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Why can’t I get and keep an erection?

NHS Choices
man-sitting-on-edge-of-bed

At some stage in their life, most men have an occasional episode of being unable to get and keep an erection. It’s usually nothing to worry about and is often a result of:

  • stress
  • tiredness
  • anxiety
  • drinking too much alcohol

However, if you frequently have erection problems, you could have erectile dysfunction (ED), also known as impotence.

What is erectile dysfunction (ED)?

ED is a regular inability to get and keep an erection. It may only happen in some situations; for example, you may be able to get an erection when masturbating, but can’t keep an erection when you’re with your partner. It’s important to remember that erectile dysfunction is a symptom and not a disease, therefore it’s important to identify what may be causing it.

Who gets erectile dysfunction?

ED can affect men at any age, but is more common as men get older. It’s estimated that half of all men aged between 40 and 70 have some degree of ED.

What causes erectile dysfunction?

ED can have physical and psychological causes. Sometimes it’s a combination of both.

Examples of physical causes include:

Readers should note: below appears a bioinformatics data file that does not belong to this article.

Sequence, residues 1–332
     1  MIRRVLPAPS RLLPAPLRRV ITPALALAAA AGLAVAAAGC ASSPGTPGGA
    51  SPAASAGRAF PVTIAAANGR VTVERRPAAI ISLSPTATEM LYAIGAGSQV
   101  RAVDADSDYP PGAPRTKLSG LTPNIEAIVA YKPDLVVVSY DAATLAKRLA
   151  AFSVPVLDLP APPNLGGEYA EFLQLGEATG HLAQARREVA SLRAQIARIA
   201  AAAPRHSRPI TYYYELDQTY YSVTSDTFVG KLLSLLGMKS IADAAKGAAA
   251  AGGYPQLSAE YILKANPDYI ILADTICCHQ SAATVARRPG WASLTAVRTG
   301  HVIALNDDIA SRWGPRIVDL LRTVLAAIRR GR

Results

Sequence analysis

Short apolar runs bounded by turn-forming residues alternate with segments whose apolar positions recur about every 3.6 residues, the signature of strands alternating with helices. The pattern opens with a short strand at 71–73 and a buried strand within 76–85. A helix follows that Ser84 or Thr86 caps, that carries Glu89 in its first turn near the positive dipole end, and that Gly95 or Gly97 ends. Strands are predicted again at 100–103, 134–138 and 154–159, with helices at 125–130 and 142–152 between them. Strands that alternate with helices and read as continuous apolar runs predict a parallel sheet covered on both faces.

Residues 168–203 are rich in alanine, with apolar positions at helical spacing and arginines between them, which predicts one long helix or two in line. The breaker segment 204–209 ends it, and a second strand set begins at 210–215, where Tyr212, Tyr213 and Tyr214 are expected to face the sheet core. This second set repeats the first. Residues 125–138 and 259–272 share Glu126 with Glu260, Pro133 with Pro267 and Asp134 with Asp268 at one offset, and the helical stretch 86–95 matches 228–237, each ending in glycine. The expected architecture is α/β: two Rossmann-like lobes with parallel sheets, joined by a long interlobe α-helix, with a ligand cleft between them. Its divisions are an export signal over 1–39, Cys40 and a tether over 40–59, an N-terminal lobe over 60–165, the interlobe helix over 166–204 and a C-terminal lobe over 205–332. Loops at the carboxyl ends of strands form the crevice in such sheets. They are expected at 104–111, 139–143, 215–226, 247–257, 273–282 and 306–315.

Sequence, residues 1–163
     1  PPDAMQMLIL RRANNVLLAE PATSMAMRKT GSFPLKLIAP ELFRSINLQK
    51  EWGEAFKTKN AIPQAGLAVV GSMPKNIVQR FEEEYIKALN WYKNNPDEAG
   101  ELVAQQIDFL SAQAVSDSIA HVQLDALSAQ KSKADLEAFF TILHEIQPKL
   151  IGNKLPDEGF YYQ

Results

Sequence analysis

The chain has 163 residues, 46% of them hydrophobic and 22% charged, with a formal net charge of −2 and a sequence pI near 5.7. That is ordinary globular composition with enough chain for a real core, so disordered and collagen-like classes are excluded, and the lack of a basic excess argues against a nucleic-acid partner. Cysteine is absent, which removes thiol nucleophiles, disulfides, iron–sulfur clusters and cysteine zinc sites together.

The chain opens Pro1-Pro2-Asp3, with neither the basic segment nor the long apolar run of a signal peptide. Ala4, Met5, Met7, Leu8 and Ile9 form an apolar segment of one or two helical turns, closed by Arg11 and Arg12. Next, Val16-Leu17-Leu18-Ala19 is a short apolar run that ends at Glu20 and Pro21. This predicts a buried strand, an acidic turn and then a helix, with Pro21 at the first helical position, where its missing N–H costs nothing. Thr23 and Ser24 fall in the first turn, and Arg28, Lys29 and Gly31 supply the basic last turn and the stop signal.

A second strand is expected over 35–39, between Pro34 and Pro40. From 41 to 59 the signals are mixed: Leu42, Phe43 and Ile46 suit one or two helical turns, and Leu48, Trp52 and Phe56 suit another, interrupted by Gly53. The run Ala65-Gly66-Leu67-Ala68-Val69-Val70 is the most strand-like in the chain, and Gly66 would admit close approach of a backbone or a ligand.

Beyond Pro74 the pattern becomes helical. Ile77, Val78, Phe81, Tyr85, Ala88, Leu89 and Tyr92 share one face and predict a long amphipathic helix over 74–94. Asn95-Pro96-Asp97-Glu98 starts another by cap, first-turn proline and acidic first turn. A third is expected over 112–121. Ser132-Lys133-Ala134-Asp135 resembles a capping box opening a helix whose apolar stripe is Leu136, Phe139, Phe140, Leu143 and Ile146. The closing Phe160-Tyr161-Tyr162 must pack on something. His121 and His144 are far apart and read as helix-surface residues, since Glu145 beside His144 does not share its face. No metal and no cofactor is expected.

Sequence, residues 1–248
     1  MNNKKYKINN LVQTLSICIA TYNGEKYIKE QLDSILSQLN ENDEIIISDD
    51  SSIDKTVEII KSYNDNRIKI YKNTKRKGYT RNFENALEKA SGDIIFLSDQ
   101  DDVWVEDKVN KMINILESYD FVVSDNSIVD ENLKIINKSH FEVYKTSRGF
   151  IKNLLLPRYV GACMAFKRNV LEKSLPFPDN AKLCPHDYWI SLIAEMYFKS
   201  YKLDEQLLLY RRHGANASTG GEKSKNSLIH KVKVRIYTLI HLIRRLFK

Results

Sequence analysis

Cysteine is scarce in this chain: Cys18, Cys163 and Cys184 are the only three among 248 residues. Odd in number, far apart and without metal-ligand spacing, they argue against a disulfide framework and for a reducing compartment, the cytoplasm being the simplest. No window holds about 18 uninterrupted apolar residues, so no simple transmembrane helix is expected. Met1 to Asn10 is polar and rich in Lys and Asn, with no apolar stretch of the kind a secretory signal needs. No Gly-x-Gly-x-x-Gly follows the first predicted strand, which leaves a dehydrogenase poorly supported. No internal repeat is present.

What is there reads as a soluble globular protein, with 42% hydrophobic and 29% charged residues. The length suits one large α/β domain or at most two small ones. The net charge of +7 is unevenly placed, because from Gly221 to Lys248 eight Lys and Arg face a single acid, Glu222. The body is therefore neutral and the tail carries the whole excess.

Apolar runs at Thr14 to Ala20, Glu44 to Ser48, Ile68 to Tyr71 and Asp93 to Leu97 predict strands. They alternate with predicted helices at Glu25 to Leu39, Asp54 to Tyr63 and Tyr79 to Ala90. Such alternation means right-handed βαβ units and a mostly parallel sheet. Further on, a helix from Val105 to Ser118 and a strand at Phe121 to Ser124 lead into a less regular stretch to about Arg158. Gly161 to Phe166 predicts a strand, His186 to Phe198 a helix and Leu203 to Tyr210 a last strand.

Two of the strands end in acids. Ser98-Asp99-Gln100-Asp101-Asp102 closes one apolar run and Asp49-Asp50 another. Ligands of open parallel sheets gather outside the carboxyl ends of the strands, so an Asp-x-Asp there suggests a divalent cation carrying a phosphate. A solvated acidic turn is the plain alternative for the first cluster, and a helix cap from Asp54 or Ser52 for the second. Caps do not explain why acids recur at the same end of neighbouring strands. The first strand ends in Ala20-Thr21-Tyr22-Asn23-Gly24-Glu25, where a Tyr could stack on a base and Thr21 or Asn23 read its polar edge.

• narrowing of the blood vessels in the penis – this is commonly linked with cardiovascular disease, high blood pressure or diabetes
  • hormonal conditions – such as thyroid problems
  • certain kinds of medicines or drugs

Examples of psychological causes include:

  • depression
  • anxiety
  • fear of failing at sex
  • relationship problems or mental health problems

It’s thought that most cases of ED have physical causes. However, many men with ED can feel stressed or anxious about their condition, which can make it worse.

ED can also be a side effect of some medication.

Read more information about the causes of ED, including medicines that can cause it as a side effect and factors that increase your risk of ED.

How is erectile dysfunction treated?

Treatment for ED depends on what’s causing it.

If ED is caused by a medical condition, such as those mentioned above, treating this condition may resolve the problem.

Symptoms of ED can often be improved by making lifestyle changes, such as:

  • losing weight (if you’re overweight)
  • giving up smoking
  • drinking less alcohol
  • not taking illegal drugs
  • exercising regularly
  • reducing stress

When to get medical advice

If you think you have symptoms of ED, it’s important to see your GP or go to a genitourinary medicine (GUM) clinic, so they can assess whether you need any treatment. If you find talking about it embarrassing, remember that doctors are used to dealing with problems like this.

It’s important to identify the cause of your symptoms, because erectile dysfunction can be an early sign of another condition, such as cardiovascular disease.

PUBLISHED: Page last reviewed: 11/11/2014.
COPYRIGHT © 2015 NHS Choices

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